Ecuador is like a vertical Ireland. It’s very green, is divided into small farms, and has many self-contained communities. Plowed fields reach almost to the tops of the mountains. How they manage to avoid severe erosion, we haven’t a clue.
After our stint on the eastern, Amazonian side, we re-crossed the Andes and picked the northern highlands town of Otavalo, known for its vibrant Saturday market and large indigenous population. Not being in need of anything but a hat for Craig, we went to the market on an off day. There was still plenty to choose from and no crowds.
Leaving Otavalo for Mindo, we made the first hostal reservation on the entire trip. We decided to take the less traveled highway, which deteriorated into a good dirt road. All seemed to be going well and we commented on the sparse traffic. About 50 kilometers in, we discovered why. A landslide blocked the road. These are fairly common occurrences because the mountain roads have been hacked into very steep sides.Outside the major cities there are few roads and many small communities have limited contact with the wider world. Literacy rates in Ecuador are now up around 75 to 80 percent, but the hidden hollows keep the rates from going higher After backtracking and finding our way over twisting stone and dirt roads we had to give short shrift to one of our favorite towns of the trip, San Juan de Minas, because we had reservations. That’s the best reason for not making plans in advance…unforeseen predicaments.
After a VERY long day of driving on twisted mountain roads with lots of stops for directions, we managed to find our reserved cabin in an orchid garden in the middle of Mindo…a town known for pleasant weather and bird watching. We weren’t disappointed. A note about driving in Ecuador…we have 3 maps, none of which agree, and it seems signs or even road numbers aren’t something anyone living here wants or needs. Also straight roads on the map are anything but. Challenging is an understatement.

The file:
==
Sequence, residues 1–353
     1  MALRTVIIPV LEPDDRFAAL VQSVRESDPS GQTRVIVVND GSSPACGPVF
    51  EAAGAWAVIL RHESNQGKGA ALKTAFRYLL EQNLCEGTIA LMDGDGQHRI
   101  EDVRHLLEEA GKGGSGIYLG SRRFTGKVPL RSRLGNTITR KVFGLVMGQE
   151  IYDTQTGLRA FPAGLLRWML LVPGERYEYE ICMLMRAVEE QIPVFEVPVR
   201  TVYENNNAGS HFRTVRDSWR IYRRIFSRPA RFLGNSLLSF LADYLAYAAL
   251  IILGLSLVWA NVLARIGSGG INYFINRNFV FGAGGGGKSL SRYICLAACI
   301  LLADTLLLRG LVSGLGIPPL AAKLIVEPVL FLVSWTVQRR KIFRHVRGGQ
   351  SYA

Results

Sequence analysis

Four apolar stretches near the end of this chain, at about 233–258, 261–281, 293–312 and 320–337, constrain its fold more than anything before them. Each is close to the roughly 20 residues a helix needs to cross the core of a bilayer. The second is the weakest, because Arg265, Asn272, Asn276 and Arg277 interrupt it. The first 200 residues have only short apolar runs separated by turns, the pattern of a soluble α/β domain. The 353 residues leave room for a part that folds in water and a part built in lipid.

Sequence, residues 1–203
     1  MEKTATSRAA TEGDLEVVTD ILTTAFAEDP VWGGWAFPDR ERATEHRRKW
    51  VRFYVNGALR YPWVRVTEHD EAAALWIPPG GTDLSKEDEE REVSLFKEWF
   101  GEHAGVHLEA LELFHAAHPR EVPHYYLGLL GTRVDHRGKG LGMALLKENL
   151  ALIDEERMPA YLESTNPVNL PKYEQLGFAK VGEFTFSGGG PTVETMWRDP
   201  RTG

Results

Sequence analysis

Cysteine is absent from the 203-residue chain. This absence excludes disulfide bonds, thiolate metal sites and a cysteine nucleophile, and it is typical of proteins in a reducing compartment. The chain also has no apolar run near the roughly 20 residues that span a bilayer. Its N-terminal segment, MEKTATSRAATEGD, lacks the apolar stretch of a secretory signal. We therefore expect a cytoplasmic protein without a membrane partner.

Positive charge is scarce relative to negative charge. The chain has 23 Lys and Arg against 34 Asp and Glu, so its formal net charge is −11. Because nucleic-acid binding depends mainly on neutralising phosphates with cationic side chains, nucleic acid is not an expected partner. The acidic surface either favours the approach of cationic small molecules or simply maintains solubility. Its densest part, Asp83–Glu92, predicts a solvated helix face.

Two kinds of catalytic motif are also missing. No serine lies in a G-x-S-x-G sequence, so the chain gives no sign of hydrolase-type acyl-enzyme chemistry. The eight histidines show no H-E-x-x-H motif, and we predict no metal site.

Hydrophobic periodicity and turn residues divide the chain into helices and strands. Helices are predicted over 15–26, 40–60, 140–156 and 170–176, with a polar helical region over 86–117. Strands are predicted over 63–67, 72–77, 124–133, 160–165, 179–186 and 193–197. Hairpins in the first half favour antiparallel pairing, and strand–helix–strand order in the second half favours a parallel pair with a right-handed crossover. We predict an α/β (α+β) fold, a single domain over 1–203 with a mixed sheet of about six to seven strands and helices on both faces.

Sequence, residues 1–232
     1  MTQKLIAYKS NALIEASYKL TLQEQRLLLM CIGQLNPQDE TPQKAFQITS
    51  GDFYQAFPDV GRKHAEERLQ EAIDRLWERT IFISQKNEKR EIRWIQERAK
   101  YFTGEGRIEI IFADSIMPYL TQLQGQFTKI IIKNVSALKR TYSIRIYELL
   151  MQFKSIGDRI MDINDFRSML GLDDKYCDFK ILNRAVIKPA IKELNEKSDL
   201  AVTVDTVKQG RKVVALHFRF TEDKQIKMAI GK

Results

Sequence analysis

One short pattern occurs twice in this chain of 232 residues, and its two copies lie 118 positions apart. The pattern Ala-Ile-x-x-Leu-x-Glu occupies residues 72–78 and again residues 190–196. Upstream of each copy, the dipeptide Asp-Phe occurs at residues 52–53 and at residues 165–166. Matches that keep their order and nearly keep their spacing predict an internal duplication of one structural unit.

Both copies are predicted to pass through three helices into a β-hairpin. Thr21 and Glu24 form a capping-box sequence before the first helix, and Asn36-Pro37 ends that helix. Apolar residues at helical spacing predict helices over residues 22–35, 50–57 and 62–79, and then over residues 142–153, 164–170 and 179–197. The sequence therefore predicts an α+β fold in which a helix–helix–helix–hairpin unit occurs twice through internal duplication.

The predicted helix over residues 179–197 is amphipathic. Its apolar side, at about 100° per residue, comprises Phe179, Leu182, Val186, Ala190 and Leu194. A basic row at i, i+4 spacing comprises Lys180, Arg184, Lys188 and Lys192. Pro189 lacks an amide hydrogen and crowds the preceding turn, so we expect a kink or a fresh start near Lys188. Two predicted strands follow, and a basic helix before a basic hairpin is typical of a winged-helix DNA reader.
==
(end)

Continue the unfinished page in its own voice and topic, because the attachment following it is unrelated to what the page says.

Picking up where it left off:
So I liked this Mindo steer, and just had to include him.
Met a French Canadian, named Andre of course, who talked me into joining him at 5 am for a trip to a birder’s tower an hour from Mindo. I’m so glad I said “yes”. The day started rainy and grey, but by the time we climbed our tower (no one else was there), the day brightened and some incredible birds showed up.
Closer to Mindo other plants and creatures caught our attention.
Reluctantly left Mindo for the coast. We were warned as we left to have reservations because it was Carnival weekend. It’s the biggest celebration of the year in all of Ecuador, and we had no clue. We did manage to find accommodation in Canoa, but had to stay put until the craziness ended on Fat Tuesday. The music got louder and more obnoxious as the days wore on. Pounding bass, screaming DJs, and techno-crap music. What old fuddy-duddies we are. However, it was one of the nicest coastal towns we found, the ocean was warm, the seafood delicious, and our hostel just far enough from town.